Saudi Arabia, Kuwait, Bahrain, the UAE and Qatar depend entirely on the free access to the Persian Gulf for their exports and, respectively, for the stability of their economies. A possible blockade of the narrow Strait of Hormuz would be an economic disaster for these states, as 1/4 of the world oil trade passes through this exact route. On the other hand, the September 14 attack identified the overall vulnerability of Saudi oil installations, and it should be kept in mind that the UAE installations are within reach for the Iranian conventional artillery. Along these lines, just a hint of a potential attack on the Dubai airport could be critical to Emirates’ tourism. When we add a reciprocal response against Iranian tankers or energy infrastructure, it would create an extremely unpleasant prospect for the shock intolerant global markets.
In a broader sense, a military conflict with Iran would mean engaging in an uncontrollable spiral of violence across the Middle East. Iran’s real military strength does not lie in the army, but rather in its broad network of Shiite proxies led or supported by the IRGC. They can easily turn the whole region into a battlefield from their bases in Iraq, Syria, Lebanon, the Gaza Strip and Yemen.
In Iraq alone, tens of thousands of fighters from the predominantly Shiite militia, Hashd al-Shaabi, regard Iran as their spiritual center. Between 2014 and 2017, dozens of different organizations operating under the umbrella of Hashd al-Shaabi proved to be an important player in the fight against the Islamic State. The most influential of them Badr, Kata’ib Hezbullah, Harakat Hezbullah al-Nudjaba are directly linked to Iran. Recent reports show at least five major Iraqi Shiite militias operating in Syria fighting for President Bashar al-Assad’s, along with Afghanistan’s Liwa Fatemiyoun, Palestinian Liwa al-Quds and Lebanon’sHezbollah. All of them supported by Iran.
In southern Lebanon, Hezbollah is estimated to have a capacity of more than 100,000 rockets that can reach almost any point in Israel, whose southern part is already threatened by Hamas and Palestinian Islamic Jihad rockets based in the Gaza Strip. Although Hamas and PIJ are not Shia, the two radical groups enjoy their good relations with Tehran, as well as the Iranian support they receive based on a common enemy in the face of Israel. Thus, the main US ally in the Middle East can easily be sucked into a prolonged three-front conflict against asymmetric and non-conventional opponents in Syria, Lebanon and the Gaza Strip.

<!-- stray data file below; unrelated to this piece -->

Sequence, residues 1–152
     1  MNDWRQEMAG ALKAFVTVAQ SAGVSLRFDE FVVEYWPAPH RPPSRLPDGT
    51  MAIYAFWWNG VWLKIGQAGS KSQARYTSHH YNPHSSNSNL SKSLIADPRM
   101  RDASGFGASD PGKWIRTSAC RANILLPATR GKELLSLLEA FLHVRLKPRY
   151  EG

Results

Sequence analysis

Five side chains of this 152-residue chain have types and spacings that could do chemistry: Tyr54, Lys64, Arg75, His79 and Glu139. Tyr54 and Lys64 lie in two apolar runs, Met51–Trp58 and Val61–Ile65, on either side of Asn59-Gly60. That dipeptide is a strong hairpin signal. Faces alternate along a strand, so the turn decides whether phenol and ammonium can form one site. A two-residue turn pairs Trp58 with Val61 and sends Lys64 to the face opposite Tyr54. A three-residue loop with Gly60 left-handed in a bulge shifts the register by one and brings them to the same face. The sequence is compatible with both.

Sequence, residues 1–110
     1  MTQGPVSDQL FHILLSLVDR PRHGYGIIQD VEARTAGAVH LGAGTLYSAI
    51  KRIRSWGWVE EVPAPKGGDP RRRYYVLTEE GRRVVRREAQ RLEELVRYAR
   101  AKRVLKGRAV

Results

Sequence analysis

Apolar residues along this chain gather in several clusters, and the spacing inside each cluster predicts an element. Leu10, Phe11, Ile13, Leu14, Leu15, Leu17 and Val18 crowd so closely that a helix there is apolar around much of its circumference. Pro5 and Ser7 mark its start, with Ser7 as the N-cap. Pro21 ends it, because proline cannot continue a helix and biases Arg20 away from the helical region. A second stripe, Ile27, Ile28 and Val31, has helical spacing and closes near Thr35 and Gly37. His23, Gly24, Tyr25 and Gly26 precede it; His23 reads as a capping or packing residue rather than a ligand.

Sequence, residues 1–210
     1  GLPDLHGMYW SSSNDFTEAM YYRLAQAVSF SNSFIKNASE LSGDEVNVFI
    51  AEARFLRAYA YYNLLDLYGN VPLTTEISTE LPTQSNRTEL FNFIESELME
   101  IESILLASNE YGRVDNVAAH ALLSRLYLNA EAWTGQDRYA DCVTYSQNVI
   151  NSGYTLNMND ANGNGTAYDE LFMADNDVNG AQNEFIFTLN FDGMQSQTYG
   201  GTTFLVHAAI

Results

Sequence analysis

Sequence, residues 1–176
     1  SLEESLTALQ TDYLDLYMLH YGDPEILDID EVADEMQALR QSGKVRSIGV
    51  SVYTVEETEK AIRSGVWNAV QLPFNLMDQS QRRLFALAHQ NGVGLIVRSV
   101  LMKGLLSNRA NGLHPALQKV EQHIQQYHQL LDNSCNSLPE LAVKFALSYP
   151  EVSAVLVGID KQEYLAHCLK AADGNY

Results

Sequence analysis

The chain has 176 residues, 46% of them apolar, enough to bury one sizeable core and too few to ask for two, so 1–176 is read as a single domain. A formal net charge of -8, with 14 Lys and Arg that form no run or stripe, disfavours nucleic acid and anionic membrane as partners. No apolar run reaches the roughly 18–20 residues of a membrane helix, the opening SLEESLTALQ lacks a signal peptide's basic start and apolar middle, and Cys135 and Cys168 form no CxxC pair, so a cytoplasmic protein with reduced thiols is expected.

The Shiite Huthi rebels should also be kept in mind. Their Iran-backed insurgency in Yemen has been the reason for a costly and unsuccessful Saudi military campaign that has been ravaging the country for four years.
The reasoning which provoked President Trump to pull out the United States from the nuclear deal and to adopt the “maximum pressure” policy against Iran, is the same that kept him from taking aggressive measures after the drone incident or the seized British tanker. A few decades ago, there would be hardly anyone thinking that a detention of a British ship would go unpunished, and without an authoritative intervention by the Royal Navy. Two diplomatic victories giving the „hawks“ around Ayatollah Khamenei confidence that they have control of the situation. Iran has been testing the United States and its allies in recent months, showing that the regime is likely capable to withstand political and economic pressure; and that it also has the strength to successfully set its own conditions on the table.
In a game of dangerous bluffs and raising bets, Iran seems to have the upper hand. A similar policy of aggression, successful against North Korea, does not seem to apply the same way against Iran. Quite the opposite – the crisis is deepening without a visible end. Its solution needs much more flexibility and diplomacy that have not been implemented so far (or at least not from the American side). The possibility of uncontrolled escalation, even if not significant, is still on the agenda. And no one wants such war. No one can win such war.